Windows XP: Where's the .Net experience?

Microsoft gives a sneak peek of the next version of its desktop operating system, but a lack of details raises as many questions as the company answered.

Mary Jo Foley
Mary Jo Foley has covered the tech industry for 30 years for a variety of publications, including ZDNet, eWeek and Baseline. She is the author of Microsoft 2.0: How Microsoft plans to stay relevant in the post-Gates era (John Wiley & Sons, 2008). She also is the cohost of the "Windows Weekly" podcast on the TWiT network.
Mary Jo Foley
4 min read
SEATTLE--Microsoft gave a sneak peek Tuesday of the next version of its desktop operating system, touted as the "most important" release since Windows 95, and showed off a new interface called Luna for home and business computers.

But a lack of details raised as many questions as the company answered.

At an unveiling held at the Experience Music Project museum in Seattle, Wash., Microsoft Chairman Bill Gates put a beta of Windows XP through its paces.

Click here to Play

A sneak peek at Windows XP
Jim Allchin, group VP, Microsoft
But while Microsoft top brass aimed to prove that Windows XP will be a centerpiece to its much-touted .Net software-as-a-service initiative, executives offered few specifics about new Web services that would emerge with .Net.

Instead, Microsoft focused on how the task-centered Luna interface will help people engage in activities such as online shopping, publishing photos to the Web, and sharing applications over the Internet.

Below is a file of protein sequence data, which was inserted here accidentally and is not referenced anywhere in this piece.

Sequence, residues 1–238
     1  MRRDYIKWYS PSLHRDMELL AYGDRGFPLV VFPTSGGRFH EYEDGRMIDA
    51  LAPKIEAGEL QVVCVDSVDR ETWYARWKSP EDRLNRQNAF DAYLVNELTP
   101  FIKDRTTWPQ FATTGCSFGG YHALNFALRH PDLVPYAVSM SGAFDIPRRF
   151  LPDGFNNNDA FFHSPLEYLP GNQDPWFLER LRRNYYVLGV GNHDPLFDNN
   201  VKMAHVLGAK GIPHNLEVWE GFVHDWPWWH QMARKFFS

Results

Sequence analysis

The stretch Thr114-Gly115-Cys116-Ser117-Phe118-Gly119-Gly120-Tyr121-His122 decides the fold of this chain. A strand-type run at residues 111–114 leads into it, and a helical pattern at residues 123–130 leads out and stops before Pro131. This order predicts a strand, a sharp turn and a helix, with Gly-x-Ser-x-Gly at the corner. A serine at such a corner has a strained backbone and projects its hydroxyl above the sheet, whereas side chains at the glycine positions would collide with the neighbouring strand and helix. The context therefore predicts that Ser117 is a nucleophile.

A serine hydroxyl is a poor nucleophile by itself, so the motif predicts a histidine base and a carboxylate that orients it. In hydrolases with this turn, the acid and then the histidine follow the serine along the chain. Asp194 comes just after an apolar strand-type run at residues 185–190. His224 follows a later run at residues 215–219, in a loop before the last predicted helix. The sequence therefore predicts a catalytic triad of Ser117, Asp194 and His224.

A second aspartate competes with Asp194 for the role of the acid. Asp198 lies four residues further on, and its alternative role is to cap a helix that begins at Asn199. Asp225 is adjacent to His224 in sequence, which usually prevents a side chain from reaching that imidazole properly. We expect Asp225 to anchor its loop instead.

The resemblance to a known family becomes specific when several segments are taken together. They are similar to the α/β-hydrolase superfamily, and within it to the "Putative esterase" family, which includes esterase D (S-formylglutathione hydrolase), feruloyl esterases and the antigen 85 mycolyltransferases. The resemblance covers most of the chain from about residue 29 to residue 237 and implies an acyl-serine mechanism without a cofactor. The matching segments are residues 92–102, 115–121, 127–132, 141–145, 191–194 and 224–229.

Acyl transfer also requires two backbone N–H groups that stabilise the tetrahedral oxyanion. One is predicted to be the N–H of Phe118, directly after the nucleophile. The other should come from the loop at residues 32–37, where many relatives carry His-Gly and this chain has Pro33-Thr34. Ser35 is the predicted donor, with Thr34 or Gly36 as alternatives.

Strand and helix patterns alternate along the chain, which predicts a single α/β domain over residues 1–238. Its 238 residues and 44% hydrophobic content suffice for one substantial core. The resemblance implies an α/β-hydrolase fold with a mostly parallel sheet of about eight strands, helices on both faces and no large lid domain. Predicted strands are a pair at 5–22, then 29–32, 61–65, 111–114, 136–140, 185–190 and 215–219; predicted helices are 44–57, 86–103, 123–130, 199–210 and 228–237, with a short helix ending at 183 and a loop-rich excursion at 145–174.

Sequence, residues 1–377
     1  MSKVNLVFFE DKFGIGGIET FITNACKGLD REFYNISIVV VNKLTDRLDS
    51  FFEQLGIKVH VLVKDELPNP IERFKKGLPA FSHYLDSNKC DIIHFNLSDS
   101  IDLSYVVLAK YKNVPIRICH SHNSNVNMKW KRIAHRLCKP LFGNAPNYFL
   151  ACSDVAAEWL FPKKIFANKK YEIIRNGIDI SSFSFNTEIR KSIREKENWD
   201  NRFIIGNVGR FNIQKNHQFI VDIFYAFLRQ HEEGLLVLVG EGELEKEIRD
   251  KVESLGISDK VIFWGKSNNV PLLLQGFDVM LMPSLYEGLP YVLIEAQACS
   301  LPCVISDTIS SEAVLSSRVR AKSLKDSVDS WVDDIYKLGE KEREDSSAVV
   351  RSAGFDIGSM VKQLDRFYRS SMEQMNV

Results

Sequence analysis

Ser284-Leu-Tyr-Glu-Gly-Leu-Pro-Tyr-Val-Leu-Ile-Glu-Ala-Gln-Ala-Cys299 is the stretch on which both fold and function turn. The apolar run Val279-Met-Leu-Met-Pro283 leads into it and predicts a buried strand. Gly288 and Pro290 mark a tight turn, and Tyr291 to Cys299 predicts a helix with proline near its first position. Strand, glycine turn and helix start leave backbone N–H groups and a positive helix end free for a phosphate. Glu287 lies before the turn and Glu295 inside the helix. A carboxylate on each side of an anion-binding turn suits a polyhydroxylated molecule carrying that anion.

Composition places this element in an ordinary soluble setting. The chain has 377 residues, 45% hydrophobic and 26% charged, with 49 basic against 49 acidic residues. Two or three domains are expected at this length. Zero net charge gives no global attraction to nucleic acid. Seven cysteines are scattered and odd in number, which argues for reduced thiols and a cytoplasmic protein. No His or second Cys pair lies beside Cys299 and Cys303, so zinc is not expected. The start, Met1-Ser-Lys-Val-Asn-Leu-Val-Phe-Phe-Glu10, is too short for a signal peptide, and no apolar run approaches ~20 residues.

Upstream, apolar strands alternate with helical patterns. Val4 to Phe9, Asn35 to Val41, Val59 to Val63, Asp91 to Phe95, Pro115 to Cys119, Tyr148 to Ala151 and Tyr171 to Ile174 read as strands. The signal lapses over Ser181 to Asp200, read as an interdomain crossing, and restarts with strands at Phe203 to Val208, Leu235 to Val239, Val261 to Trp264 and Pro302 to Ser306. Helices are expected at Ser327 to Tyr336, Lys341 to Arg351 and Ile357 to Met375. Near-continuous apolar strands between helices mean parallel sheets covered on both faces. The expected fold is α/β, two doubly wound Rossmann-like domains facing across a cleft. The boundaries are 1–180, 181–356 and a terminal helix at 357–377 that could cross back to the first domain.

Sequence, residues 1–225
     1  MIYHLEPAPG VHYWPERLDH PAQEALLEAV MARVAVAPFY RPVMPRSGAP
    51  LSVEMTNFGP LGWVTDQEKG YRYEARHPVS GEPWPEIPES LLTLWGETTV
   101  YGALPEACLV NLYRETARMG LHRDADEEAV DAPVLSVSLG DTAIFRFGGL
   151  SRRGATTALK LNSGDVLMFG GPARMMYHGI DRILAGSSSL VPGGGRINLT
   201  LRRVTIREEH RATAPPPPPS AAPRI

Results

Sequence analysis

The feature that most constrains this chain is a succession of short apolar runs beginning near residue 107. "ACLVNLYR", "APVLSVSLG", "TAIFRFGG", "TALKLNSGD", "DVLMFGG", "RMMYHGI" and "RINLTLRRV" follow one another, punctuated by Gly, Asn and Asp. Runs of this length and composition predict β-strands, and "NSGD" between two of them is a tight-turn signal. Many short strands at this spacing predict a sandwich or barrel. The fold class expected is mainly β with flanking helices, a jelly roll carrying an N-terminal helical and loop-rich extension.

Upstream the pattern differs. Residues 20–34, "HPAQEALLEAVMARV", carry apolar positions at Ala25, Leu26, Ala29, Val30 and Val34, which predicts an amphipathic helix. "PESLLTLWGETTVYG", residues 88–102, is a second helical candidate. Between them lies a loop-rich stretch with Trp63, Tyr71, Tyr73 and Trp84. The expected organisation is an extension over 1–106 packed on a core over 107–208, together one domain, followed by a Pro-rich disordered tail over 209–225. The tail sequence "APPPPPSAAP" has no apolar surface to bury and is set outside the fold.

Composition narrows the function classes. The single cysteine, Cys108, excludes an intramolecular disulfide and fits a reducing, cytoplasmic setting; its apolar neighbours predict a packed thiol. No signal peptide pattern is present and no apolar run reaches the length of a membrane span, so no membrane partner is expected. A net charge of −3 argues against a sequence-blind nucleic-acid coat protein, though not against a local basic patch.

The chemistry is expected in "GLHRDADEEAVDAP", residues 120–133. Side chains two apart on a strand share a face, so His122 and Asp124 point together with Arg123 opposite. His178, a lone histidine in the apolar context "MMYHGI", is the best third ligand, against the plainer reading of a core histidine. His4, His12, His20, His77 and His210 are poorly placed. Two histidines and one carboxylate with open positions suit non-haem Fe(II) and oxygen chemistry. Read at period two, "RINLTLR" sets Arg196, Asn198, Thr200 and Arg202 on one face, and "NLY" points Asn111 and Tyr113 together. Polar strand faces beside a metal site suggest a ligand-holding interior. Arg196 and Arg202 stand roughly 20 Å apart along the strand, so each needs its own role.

Luna is one of two interfaces Microsoft will deliver as part of Windows XP; the company also plans to allow customers to choose the existing Windows interface.

Luna will offer customers a more streamlined Windows look. It retains the Windows Start button but makes Internet connectivity, e-mail access and interaction with system settings via the Control Panel more intuitive.

One Windows XP tester noted the dearth of information on how Windows XP will figure in Microsoft's .Net scenario.

"There are a lot of Web-enabled features and integration, but I don't really see (Windows XP) as a .Net play," said the tester, who requested anonymity. "Sure, there will be things like Passport (Microsoft's Internet authentication service) built in. But Windows XP has nothing to do with e-commerce, transactions and other infrastructure things I think about, when I talk about .Net."

But Shawn Sanford, group product manager of Microsoft's consumer Windows division, said Microsoft will include some .Net technologies as part of the final Windows XP. He said Microsoft is working on a feature called Dynamic Setup, an extension of its existing Windows Update technology that will allow people to obtain instant access to drivers and software updates over the Web.

Microsoft also plans to include a feature called Credential Manager, which will store different log-ins and passwords in a single place, as part of the shipping version of Windows XP, although the company may opt not to expose that particular feature to customers.